The Amazon rainforest is one of Earth’s most valuable natural resources, but recently, it has been under intensifying attack from ranchers, miners and wood harvesters intent on exploiting the region, aided by the current presidential administration. Foreign investors can either run the other way or take a stand and be part of the solution.
Climate change, renewable energy, biodiversity, social equality and other sustainability objectives are top concerns for financial firms and stakeholders. To be on the right side of the transition, banks need to adopt strategy models that incorporate social and environmental factors in loan criteria. Only then will they begin banking for impact.
The Bank of Japan is adding more grit to its campaign to incentivize Japan’s financial sector to fight climate change by supporting sustainability projects and unravelling financing for fossil-fuel sectors. The strategy will involve various lending measures to encourage banks to incorporate climate-mitigation action in their funding.
Banks report to shareholders, but when it comes time to respond to shareholder concerns about their positive contributions to climate-change action, banks often fall short. Progress is slow but steady, thanks to activist shareholders’ efforts, to persuade banks to accept more responsibility for their financing of fossil-fuel ventures.
Financial Institutions are often deliberate targets and unwitting participants in crimes, from money laundering to market manipulation. A relatively recent addition is Green Crime, which includes transgressions against the planet’s natural resources, such as environmental and wildlife crime. Fortunately, Refinitiv’s recent survey results show that the majority of those surveyed want to end ecocide atrocities such as illegal wildlife trafficking, recognizing the risks to not only to the health of the environment but also the financial system.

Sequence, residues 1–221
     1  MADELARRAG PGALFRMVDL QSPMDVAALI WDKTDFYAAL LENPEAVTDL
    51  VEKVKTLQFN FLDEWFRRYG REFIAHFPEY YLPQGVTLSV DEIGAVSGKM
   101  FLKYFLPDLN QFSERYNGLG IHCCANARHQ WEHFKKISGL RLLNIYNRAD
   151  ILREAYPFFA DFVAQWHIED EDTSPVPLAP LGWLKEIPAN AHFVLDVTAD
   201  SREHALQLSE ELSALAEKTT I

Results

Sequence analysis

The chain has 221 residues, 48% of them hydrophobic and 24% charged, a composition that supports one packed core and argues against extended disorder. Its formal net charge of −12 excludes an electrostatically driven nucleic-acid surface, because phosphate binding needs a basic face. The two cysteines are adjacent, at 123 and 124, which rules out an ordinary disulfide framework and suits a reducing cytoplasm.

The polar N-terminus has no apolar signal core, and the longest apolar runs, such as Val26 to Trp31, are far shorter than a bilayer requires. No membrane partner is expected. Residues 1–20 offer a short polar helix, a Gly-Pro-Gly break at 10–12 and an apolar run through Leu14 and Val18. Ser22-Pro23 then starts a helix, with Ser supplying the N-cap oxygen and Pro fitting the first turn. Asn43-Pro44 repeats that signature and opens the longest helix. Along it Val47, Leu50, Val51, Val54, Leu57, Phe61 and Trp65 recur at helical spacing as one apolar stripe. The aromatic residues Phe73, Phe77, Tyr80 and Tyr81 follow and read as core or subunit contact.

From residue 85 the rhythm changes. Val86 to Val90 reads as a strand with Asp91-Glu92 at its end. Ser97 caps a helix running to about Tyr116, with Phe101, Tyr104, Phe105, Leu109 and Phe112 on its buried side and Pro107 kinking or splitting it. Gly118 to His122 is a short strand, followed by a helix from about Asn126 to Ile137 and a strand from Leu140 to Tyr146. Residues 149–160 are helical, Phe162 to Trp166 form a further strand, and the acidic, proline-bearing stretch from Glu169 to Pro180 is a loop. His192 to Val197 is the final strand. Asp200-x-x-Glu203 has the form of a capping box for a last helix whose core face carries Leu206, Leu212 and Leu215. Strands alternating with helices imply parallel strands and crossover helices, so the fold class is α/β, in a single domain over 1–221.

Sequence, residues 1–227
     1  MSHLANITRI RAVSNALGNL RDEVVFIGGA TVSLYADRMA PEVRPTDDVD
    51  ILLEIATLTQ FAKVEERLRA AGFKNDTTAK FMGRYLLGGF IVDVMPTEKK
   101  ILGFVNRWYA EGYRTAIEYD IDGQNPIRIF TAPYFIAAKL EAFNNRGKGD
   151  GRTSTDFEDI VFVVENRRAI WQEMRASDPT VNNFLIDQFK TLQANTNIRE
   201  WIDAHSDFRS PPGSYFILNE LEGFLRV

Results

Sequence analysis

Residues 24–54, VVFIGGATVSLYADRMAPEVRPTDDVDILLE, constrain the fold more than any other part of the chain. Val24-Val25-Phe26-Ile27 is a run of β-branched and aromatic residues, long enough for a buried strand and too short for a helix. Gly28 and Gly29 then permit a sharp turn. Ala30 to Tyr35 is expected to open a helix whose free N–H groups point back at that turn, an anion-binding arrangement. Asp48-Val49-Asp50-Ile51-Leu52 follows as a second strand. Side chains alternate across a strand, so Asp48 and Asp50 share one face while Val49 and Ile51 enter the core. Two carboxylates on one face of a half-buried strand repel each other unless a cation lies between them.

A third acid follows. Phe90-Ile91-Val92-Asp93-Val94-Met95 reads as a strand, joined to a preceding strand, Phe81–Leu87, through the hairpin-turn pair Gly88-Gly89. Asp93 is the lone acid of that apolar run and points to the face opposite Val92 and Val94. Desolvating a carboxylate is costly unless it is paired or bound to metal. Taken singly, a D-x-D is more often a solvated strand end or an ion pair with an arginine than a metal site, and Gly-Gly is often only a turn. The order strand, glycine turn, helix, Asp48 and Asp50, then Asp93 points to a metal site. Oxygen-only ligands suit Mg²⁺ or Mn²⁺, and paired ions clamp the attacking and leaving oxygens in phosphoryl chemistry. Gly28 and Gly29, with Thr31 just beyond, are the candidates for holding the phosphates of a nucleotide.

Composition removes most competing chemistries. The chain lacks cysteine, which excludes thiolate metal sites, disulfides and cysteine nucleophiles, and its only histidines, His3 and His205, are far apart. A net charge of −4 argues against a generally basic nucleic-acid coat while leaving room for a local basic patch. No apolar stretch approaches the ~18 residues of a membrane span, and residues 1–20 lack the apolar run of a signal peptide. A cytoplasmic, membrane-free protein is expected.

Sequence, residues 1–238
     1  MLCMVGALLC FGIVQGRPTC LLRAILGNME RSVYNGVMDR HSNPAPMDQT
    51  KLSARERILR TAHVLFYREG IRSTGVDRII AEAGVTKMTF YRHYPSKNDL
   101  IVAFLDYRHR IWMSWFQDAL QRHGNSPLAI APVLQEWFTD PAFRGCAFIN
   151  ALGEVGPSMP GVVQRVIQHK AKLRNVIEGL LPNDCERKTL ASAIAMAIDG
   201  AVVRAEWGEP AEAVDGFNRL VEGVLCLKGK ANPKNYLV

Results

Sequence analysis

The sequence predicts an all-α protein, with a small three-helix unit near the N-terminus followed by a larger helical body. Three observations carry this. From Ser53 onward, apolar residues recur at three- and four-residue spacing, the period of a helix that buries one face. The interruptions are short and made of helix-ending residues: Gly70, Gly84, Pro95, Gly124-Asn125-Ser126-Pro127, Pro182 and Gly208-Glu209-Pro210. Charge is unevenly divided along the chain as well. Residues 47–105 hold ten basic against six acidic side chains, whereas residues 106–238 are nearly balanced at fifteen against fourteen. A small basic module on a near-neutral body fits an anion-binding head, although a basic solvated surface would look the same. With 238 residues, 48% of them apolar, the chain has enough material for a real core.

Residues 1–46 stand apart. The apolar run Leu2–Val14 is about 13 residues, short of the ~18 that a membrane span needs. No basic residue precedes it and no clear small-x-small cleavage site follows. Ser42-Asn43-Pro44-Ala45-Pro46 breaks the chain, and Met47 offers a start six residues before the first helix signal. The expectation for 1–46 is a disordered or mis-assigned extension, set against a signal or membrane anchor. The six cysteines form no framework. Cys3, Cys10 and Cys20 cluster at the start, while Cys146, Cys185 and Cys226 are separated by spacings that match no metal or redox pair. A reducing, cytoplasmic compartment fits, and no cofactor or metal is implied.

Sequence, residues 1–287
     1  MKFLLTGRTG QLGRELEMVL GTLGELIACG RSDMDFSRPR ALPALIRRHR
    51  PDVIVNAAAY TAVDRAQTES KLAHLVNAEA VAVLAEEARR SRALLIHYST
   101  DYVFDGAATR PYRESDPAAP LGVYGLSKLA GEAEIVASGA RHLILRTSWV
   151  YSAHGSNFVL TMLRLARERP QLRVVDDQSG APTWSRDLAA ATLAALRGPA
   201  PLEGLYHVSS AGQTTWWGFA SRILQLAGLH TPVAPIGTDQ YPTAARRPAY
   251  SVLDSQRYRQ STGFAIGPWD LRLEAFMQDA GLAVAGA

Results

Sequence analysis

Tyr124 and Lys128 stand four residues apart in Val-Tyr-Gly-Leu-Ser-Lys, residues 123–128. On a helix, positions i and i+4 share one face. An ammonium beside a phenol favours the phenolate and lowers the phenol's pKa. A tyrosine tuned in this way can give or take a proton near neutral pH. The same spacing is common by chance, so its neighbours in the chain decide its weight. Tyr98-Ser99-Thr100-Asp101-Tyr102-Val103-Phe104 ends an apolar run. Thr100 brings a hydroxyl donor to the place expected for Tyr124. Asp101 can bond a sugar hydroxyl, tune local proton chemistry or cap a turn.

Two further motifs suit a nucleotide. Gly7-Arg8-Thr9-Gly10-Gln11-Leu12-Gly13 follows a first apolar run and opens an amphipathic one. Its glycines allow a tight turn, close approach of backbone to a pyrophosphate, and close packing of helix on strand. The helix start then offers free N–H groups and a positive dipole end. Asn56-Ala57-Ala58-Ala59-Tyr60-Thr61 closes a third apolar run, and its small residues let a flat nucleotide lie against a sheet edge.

The COVID-19 pandemic has made 2020 a truly singular year. With a deep global recession resulting from strict lockdown measures being implemented throughout much of the world, there has been little for investors to cheer. But with signs that the worst may be mostly behind us, an increasing number of opportunities will undoubtedly present themselves as we move into 2021.
Technology has responded to the call to produce innovations that will slow global warming, creating an arsenal of renewable-energy alternatives to fossil fuels. But distribution of these innovations to developing countries has not kept pace, and they are lagging behind in low-carbon adoption. What needs to be done to transfer and deploy existing low-carbon technologies throughout the globe as quickly as possible? The answer lies in solutions such as trade.
On December 15, US bank Goldman Sachs announced what many believe to be the strongest restrictions on fossil-fuel activity by any major bank in the United States. Most notably, the bank has become the first big American lender to restrict financing on any part of the oil-and-gas sector, with a particular focus on protecting the Arctic National Wildlife Refuge.
Few have not embraced the Green Agenda, as we all see the potential for renewable energy to transform the fabric of our lives and to hinder potentially devastating climate change. But wanting to do and doing can be two different things, with the availability of financing often being the deciding factor. The European Bank for Reconstruction and Development fills the financing gap, with a focus on worthy private-sector green projects.
The push to transition from fossil fuels to renewables for power generation has been motivated largely by environmental concerns. But today, dollars and cents are increasingly supporting the transformation drive, as renewable-energy sources become much more cost-effective, even outmatching fossil fuels in value per dollar. Forecasts predict that new power generation through renewables—especially solar, wind, hydroelectric—will soon outstrip fossil fuels, attracting growing interest from governments, banks and investors.